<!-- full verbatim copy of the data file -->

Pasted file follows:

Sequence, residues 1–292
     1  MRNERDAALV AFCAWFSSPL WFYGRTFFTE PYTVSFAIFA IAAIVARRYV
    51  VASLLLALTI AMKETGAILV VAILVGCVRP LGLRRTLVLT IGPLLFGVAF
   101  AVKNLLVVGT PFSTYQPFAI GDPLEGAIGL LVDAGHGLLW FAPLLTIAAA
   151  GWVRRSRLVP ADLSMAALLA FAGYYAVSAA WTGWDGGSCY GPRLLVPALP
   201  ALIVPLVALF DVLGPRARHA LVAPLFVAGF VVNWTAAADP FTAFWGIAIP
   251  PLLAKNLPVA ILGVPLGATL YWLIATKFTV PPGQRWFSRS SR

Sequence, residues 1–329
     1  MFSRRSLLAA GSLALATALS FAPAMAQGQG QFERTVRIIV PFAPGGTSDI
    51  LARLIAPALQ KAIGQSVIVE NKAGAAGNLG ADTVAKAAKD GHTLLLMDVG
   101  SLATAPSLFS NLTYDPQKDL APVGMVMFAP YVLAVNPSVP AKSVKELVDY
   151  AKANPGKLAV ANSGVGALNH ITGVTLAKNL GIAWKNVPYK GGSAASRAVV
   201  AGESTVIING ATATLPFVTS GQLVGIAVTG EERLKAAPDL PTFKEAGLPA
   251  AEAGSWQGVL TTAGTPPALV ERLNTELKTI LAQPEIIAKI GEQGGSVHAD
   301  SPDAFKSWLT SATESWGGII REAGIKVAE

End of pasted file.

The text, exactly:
Sequence, residues 1–292
     1  MRNERDAALV AFCAWFSSPL WFYGRTFFTE PYTVSFAIFA IAAIVARRYV
    51  VASLLLALTI AMKETGAILV VAILVGCVRP LGLRRTLVLT IGPLLFGVAF
   101  AVKNLLVVGT PFSTYQPFAI GDPLEGAIGL LVDAGHGLLW FAPLLTIAAA
   151  GWVRRSRLVP ADLSMAALLA FAGYYAVSAA WTGWDGGSCY GPRLLVPALP
   201  ALIVPLVALF DVLGPRARHA LVAPLFVAGF VVNWTAAADP FTAFWGIAIP
   251  PLLAKNLPVA ILGVPLGATL YWLIATKFTV PPGQRWFSRS SR

Sequence, residues 1–329
     1  MFSRRSLLAA GSLALATALS FAPAMAQGQG QFERTVRIIV PFAPGGTSDI
    51  LARLIAPALQ KAIGQSVIVE NKAGAAGNLG ADTVAKAAKD GHTLLLMDVG
   101  SLATAPSLFS NLTYDPQKDL APVGMVMFAP YVLAVNPSVP AKSVKELVDY
   151  AKANPGKLAV ANSGVGALNH ITGVTLAKNL GIAWKNVPYK GGSAASRAVV
   201  AGESTVIING ATATLPFVTS GQLVGIAVTG EERLKAAPDL PTFKEAGLPA
   251  AEAGSWQGVL TTAGTPPALV ERLNTELKTI LAQPEIIAKI GEQGGSVHAD
   301  SPDAFKSWLT SATESWGGII REAGIKVAE